The Hammerhead

The hammerhead is one of the more physically complicated aerobatic maneuvers, and it also happens to be one of the more difficult to master (and easy to botch) maneuvers.

The Maneuver

In the hammerhead, the pilot uses a pull of anywhere from 3.5-4.5 g to establish a vertical line on the wing's zero-lift axis, which means that the motion of the airplane in the vertical line could be described through simple 1D kinematics (and possibly dynamics, if you wish to account for the force of thrust). This is held until the airplane runs out of speed. Then, through full left rudder and some other control movements (explained later), he pivots the airplane on its side to a vertical downline. While a text description may be difficult to visualize, a GIF of a hammerhead may help explain it:

GIF of a hammerhead

(Video by me)

Adverse Forces: Torque

At the end of the vertical portion of the hammerhead and during the pivot, the airspeed of the airplane is practically zero:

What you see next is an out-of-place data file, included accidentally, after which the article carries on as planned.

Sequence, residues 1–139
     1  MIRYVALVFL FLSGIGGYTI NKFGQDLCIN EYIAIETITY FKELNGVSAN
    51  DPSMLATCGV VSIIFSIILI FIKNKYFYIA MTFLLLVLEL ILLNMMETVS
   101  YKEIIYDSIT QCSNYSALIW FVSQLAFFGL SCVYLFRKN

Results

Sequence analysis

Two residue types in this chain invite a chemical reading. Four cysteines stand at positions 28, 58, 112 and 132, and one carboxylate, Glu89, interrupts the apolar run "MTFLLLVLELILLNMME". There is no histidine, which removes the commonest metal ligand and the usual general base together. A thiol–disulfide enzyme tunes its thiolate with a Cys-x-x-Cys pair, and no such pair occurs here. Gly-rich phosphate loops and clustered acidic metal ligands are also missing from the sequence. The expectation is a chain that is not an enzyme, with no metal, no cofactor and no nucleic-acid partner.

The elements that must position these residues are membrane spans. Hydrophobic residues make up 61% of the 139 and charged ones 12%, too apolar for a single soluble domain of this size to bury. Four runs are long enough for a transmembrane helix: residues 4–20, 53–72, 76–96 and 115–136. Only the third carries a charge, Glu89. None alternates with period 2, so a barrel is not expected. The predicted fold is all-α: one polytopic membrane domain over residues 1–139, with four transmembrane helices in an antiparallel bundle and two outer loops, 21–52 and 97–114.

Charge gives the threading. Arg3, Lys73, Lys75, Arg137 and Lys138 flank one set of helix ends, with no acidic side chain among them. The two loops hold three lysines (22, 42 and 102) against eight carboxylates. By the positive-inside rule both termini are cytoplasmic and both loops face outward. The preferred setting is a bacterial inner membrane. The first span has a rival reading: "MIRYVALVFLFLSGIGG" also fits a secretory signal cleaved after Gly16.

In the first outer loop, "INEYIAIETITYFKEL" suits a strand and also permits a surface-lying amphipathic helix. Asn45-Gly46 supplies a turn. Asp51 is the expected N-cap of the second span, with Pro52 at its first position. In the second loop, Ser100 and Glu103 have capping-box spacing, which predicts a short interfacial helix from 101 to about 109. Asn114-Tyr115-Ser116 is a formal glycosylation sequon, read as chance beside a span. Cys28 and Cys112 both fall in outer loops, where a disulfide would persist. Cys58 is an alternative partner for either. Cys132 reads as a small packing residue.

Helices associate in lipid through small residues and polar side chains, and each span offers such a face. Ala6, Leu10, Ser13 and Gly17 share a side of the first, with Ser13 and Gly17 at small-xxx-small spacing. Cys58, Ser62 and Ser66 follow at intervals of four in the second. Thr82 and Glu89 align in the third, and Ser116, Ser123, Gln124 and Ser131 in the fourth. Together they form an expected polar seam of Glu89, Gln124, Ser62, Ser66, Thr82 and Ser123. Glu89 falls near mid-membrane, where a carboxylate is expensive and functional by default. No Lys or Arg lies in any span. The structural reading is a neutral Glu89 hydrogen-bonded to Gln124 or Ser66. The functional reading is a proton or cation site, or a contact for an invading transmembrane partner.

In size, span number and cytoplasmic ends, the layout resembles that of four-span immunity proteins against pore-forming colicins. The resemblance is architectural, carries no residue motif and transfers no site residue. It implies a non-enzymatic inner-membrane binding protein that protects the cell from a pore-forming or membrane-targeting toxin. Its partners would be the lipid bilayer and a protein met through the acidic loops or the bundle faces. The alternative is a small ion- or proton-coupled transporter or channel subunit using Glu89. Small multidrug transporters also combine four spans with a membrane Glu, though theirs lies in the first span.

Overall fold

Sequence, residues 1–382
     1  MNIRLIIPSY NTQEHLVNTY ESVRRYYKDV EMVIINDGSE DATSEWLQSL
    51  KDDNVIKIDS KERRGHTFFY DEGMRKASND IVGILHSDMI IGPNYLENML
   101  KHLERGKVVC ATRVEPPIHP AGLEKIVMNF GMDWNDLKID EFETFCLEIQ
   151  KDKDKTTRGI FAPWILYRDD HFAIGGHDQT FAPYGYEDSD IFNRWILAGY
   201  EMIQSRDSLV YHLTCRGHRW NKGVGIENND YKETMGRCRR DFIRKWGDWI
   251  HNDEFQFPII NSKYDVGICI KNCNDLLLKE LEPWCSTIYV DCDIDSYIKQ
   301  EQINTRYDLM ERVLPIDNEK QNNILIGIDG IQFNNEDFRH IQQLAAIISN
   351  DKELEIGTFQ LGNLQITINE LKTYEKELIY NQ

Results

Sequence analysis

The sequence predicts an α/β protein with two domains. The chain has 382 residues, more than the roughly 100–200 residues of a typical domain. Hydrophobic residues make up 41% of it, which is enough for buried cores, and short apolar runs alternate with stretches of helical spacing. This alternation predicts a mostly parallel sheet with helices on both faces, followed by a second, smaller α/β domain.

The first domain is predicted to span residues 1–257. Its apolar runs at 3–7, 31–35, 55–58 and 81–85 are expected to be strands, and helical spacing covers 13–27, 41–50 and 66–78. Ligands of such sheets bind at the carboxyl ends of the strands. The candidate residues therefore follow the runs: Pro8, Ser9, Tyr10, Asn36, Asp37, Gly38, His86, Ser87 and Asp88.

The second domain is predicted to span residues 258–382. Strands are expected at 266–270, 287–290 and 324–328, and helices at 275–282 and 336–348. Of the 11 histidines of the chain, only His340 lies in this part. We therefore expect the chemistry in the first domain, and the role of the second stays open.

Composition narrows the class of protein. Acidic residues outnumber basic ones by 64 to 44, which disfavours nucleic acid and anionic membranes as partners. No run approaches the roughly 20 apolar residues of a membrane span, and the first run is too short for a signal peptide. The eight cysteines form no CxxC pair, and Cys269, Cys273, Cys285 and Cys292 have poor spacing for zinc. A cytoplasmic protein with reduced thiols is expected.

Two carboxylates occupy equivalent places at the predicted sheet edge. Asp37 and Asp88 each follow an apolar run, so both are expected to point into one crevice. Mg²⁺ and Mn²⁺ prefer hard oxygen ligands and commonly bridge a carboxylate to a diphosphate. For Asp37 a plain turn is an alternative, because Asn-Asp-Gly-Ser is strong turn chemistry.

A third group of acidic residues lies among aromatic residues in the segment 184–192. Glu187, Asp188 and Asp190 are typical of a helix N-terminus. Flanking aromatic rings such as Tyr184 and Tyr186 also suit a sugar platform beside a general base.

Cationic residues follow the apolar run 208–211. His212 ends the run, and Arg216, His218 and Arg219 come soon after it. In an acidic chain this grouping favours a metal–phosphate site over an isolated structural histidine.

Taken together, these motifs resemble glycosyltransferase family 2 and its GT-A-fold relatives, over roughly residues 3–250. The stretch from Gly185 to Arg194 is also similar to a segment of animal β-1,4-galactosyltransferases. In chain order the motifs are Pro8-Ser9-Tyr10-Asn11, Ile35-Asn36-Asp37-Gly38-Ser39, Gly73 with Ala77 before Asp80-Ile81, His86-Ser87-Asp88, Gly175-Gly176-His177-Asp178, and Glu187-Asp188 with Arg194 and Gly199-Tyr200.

Zero Airspeed

Notice that the airspeed indicator is locked at zero
(Photo by me)

This means that the reaction force of torque (the one the causes a left rolling moment of the airplane) is in full swing, so to speak. Typically, countering this force would require just a bit of right aileron to induce a right rolling motion, leaving unadulterated yaw, and perfect 10s on the judges' scorecards, but since the airspeed is so low during the pivot, we need a large amount of aileron. In the Bellanca Super Decathlon, I use full right aileron to counter the engine torque. This technique applies to other airplanes too:
                                     Pitts preforming hammerhead
This Pitts S1-S also requires nearly full aileron to counter torque effects
(Photo: Sammy Mason)

Adverse Forces: Gyroscopic Precession

    Recall that gyroscopic precession causes forces on the airplane 90° away from the direction that the original force was applied. When the airplane has run out of speed in the vertical line and the pivot begins, the entire airplane experiences a yawing motion that pushes it to the left.

    This "push" can be thought of as having occurred on the right side of the propeller. Since the resultant force will happen 90° along the arc of the propeller, the precession of the propeller will try to pull the airplane onto its back during the pivot. To counter this, we use forward elevator (stick) during the pivot.

    All of this together this means that 2/3 of the control inputs during the hammerhead are solely to counter forces generated by the propeller!